As South Africa and Durban get ready to host the 17th Conference of Parties to the United Nations Framework Convention on Climate Change (COP 17) from 28 November-9 December, 2011, a key question is posed to all nations: where do we stand and how does this affect us?
Climate change is one of the greatest common challenges facing the modern world. Left untackled, it will lead to more extreme and unpredictable weather conditions, including widespread drought and flooding. As two island nations, the Maldives and the UK are also particularly vulnerable to rising sea levels – in fact, as the Maldives is well aware, the effects are potentially catastrophic.
All of us – political leaders, diplomats, business people, scientists, activists and citizens – need to work together to provide solutions to this climate change challenge.
Climate change is not just an environmental threat. It is also an economic and security threat. People are concerned about the cost of action on climate change. But lack of action will have significant costs: experts predict that the costs of climate change will be between 5-20% of global GDP if no action is taken to prevent it, with developing countries expected to face the highest costs.
The reality is that action on climate change makes economic sense for all of us: there are, for example, a great variety of measures that households and businesses could take which would not only reduce their carbon emissions, but also save them money.
The human impact of climate change also extends to food, that most basic need of humankind. Changing temperatures will alter crop distributions and crop yields. There are dire consequences in store for rice production, the staple of the South Asian diet. A recent study by the International Rice Research Institute (IRRI) shows that every 1o rise in night-time temperature – a rise so small your body would barely register it – will produce a corresponding 10% decrease in grain yield.
The demand for food is predicted to grow by 70% by 2050. For the Maldives, as with many other countries, this will mean higher prices; for agrarian economies in the developing world, the consequences could be catastrophic.
Moreover, climate change is expected to lead to key developments within the South Asian region. Natural resources such as water are likely to become scarce, leading to tensions and conflict among those countries that mutually depend on these resources. South Asia is already one of the most conflict-prone regions in the world and among those most vulnerable to the effects of climate change.
The combination is combustive. Increasingly erratic weather patterns continue to threaten people’s homes and livelihoods, exacerbating social inequities and tensions, posing a real risk to peace and stability and affecting economy development. This reality was clearly recognised in the Presidential Statement issued after the UN Security Council debate on climate change in July this year.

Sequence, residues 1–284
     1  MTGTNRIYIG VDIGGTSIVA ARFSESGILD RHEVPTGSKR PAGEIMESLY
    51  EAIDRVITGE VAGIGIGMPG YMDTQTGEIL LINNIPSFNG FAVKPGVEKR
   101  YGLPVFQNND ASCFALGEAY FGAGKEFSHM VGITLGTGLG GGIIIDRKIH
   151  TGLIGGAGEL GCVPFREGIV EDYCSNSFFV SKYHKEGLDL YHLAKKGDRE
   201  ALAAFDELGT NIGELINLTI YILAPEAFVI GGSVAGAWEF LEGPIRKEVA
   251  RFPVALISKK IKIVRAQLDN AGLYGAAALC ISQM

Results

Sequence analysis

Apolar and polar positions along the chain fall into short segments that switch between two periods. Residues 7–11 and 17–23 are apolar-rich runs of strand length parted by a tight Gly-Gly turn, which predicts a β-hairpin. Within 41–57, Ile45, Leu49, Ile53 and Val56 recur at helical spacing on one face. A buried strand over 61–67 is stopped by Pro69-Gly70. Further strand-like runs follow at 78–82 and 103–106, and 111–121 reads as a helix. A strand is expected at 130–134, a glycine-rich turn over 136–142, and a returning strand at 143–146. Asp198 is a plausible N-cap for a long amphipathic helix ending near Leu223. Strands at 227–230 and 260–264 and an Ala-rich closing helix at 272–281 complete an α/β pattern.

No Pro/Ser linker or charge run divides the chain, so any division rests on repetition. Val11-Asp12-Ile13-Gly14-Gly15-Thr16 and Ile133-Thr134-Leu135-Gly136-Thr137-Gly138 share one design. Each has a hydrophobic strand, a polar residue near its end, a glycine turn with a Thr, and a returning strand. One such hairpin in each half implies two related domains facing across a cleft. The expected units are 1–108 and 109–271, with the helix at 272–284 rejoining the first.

The UK recognises that developed countries have to accept historic responsibility for creating much of the problem of climate change, and therefore, a greater responsibility for addressing it. The UK Government has committed to reducing our carbon emissions by 50% by 2025, and we are also encouraging the EU as a whole to increase the EU reduction target to 30% by 2020.
But the EU covers only some 12 percent of global emissions. We are coming to the end of the first commitment period of the Kyoto Protocol and the need now is to build an ambitious, global, legally-binding regime, involving all major emitters. Only a legally binding approach will give business and investors the confidence they need to move rapidly on low carbon measures.
We have made some progress, as the small albeit definitive results of Cancun in 2010 reveal. But this is not enough. As John Ashton, the FCO Special Representative for Climate Change who visited the Maldives in July this year, said in a recent article in The Guardian, “The International Energy Agency has set the scene, with the timely warning in its new World Energy Outlook that we are way off track to avoid dangerous climate change, and that the window for effective action is closing fast.”
We need to summon the will, not just to avert disaster, but also to seize the opportunities of low carbon growth in trade, investment and new industries. Developing new technologies for sustainable development can be a driver for future growth. The Maldives, with its strong commitment to carbon neutrality by 2020, is well-placed to foster links with the most cutting-edge technologies in this field. The UK’s own clean technology goods and services market is now worth £112 billion and employs nearly a million people.
As President Nasheed said during his opening address at the recent SAARC summit, “The future is ours to shape.” It is up to the countries who meet in Durban over the next two weeks to shape the future of the world – to protect it from being further imperiled by climate change. The theme for COP17 is “Working Together: Saving Tomorrow Today.”
Five simple words – yet, they represent a world of a difference. What we do next week will determine what happens in the Maldives in the next decade – and beyond
John Rankin is the British High Commissioner to Sri Lanka and the Maldives.
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